If you’re 50 or older and you fancy yourself a good speller, you might want to give AARP’s 17th Annual National Spelling Bee a try.

One Hoosier, Marlene Harry of Brownsburg, participated for several years and finished in the top 10 four years in a row.

Brian Greene went to school in Southern Indiana, but now lives and works in Cheyenne, Wyoming, and participated in his first Bee back in 2005.

“I turned 50, and you have to be 50 to be eligible for the Bee. And I found out late in my 50th year that hey, there’s this Bee that goes on in Cheyenne and you have to be 50 years of age and I thought, I always enjoyed spelling bees when I was in school – so, I did it for the fun of it.”

Since 2006 Greene has worked behind the scenes to facilitate the Bee. He’s the head judge and has been dubbed the “Word Wizard” as he is the one responsible for coming up with the 500-word list for the spelling bee.

Greene says he uses several sources for ideas for the word list, including suggestions from board members and daily emails from Merriam-Webster’s.

“There’s always the challenge of trying to find words. They all have to come from our dictionary. The eligibility is determined by coming from the Merriam and Webster’s 11th edition.”

Joanne Mai with AARP says organizers go to great lengths to make sure everyone has a chance to participate.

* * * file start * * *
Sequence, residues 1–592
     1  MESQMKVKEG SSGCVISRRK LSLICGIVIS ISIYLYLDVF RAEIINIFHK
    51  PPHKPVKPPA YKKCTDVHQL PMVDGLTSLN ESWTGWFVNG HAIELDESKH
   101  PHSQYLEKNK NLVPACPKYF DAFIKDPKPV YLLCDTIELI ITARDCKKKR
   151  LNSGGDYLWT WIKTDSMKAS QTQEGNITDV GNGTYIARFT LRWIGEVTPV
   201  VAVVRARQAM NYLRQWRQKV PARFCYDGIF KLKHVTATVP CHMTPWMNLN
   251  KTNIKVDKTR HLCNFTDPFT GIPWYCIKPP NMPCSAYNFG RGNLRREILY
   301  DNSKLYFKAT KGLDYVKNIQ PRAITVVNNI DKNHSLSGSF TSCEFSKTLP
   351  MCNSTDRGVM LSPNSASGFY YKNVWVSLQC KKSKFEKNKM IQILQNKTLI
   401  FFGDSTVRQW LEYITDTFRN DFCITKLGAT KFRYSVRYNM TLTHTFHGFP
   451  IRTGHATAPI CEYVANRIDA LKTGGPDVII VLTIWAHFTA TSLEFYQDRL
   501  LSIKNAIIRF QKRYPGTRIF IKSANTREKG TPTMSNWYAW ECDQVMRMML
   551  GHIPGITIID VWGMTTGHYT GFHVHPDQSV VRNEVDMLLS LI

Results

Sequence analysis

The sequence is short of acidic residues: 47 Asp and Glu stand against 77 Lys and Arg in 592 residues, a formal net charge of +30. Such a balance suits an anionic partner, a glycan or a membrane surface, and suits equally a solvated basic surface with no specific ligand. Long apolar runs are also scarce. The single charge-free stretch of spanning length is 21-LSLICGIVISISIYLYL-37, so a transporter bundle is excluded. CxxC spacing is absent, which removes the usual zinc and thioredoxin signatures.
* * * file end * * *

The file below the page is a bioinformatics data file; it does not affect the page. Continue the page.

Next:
“I have been involved with the Bee for the last 10 years, and during that time frame the oldest competitor was 99 and she was actually blind and she competed on a Braille typewriter during the written test.”

Mai says participants have to miss two words to be knocked out of the Bee, and a bell is sounded when you misspell a word.

Mai says there are generally about 50 competitors a year at the Bee.
“It’s a lot of fun. Some people do come just for fun and other people come because they’re very competitive. I think we try to offer something for everyone.”

Mai says the first day of the competition includes a “Gray Matters” workshop where people learn how diet, fitness and relationships impact brain health. The bee is scheduled for August in Cheyenne.

Find out how you can participate at www.aarp.org.